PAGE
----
No, a vision is good or bad because it fulfills desirable aspirations or not. The substance of a vision is what matters in judging a vision. If someone proposes a centrally planned economy, or a market economy, or a hierarchical polity, we don’t claim they did or didn’t examine some past experience or they did or didn’t work in a project embodying their aims as our way of being critical or of supporting the vision they propose. IF they did or didn’t, it might well be evident in their clarity, of course. But to judge their proposals, we look at the vision itself, we determine and examine its properties, and we indicate whether we like those properties or not. Some presentations of a vision may utilize descriptions of how it emerges from history and experiences. Other presentations may emphasize the vision’s components and their logic, more. Presentations of parecon take both forms, though this book is largely the latter. But the issue about a vision is the substance of the institutions and their logic and implications.

Most of the rest of Bonsignori’s review seems to reflect that Bonsignori perhaps read the book a bit quickly, maybe under deadline.

For example, Bonsignori doubts people can work less in a parecon — but of course people in a parecon can work at whatever duration and intensity they choose. In fact, the only professional economist critique I have heard of parecon is precisely about this issue. The professional economists complain, opposite to Bonsignori, that people in a parecon would choose to have a much shorter work week since the compulsion to accumulate has been removed. The economists are correct, they probably would, though of course I think this is a virtue, not a debit, of the system. This issue is addressed in a number of places I the book, including a whole chapter responding to the criticism that at least relates to what parecon in fact implies, the reverse of Bonsignori’s concern.

Bonsignori wonders if having to do a balanced job complex removes some range for the expression of free will. Yes, it does — and the book is very explicit about this, as well. It removes options, that is, just as not allowing murder removes options, or not allowing a person to own slaves or to be a slave. In a parecon, the work options we choose among are balanced for empowerment effects. We can’t choose to do only empowering tasks as our work, or only debilitating tasks, because the available jobs each contain a mix that is average in its overall empowerment and quality of life impact. This is a bit rushed as a presentation, but the point is hopefully clear enough. In current capitalist economies we don’t have the option of choosing a balanced job complex. We must choose a job that fits at some position in a hierarchical division of labor, because that is what the economy offers us. In a parecon, Bonsignori is right, we also have a limit. In a parecon we can’t do only surgery, or only compose operas, or only manage others’ labors. A parecon offers only balanced job complexes, each comparable to the rest in their empowerment attributes. But this means, as well, that no one will be left with only obeying.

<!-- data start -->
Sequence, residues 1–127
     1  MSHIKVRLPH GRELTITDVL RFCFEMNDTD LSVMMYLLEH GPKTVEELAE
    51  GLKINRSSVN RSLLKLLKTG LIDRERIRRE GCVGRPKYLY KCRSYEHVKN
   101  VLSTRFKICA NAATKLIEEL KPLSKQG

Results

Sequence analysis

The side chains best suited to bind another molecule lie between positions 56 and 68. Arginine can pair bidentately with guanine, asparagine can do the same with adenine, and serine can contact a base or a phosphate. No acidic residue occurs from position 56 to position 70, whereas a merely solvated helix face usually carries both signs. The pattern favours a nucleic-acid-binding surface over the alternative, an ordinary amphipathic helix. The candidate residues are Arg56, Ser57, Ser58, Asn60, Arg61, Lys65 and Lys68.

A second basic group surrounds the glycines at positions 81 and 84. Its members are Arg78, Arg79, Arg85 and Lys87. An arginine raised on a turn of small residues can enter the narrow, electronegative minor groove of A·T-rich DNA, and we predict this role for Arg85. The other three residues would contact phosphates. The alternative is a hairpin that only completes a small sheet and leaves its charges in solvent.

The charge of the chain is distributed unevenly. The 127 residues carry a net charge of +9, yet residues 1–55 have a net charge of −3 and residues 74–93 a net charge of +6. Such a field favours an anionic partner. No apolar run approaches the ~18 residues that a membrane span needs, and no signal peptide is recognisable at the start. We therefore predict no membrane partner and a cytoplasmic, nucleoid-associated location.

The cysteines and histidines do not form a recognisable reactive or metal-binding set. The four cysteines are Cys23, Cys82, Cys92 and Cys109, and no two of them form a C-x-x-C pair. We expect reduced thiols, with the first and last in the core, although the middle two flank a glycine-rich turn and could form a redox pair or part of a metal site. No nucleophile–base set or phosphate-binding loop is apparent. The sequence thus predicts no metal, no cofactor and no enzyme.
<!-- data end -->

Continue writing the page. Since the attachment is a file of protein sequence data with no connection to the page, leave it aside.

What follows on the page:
Bonsignori says that while the questions “what do we want” and “what should we do to get it” are good ones, I give them too much weight — feeling they are pressing and we need to arrive at compelling shared answers soon. She’s right. I do think having shared answers sooner — answers which we can, of course, improve as we learn more — would be better than having them later. I think vision is needed to provide hope, to orient our critiques of the present, to inform how we organize and the demands we make and how we structure our own projects. It is hard to see how the paucity of attention we in the movement give to answering a question that the public puts to us almost without pause, is overdoing it. But others can judge.

Interestingly Bonsignori urges that it is more reasonable to extrapolate from current experiements in alternative ways of doing things than from past grand undertakings like the Paris Commune or the Spanish Anarchists efforts. Okay, maybe, but why would that be a criticism of parecon, I wonder…since it is largely how parecon has emerged.

I’d be curious how Bonsignori answers people who ask, what do you want? How does she answer people who say, sure, I know poverty hurts. I know war is hell. I know that laboring under the harsh office of managers and owners is debilitating. I know that markets alienate, commercialize, and individuate us. I know that misdirection of production in pursuit of profit rather than personal well being is horrific. I know these things…but what do you want instead? To moan about these pains is like moaning about gravity or earthquakes. If you have no alternative, moaning is useless. So what is your alternative to the workplaces I endure, the markets that crush my spirit, and the income that leaves me so little to consume?

I think we need answers. Parecon tries to provide at least a few.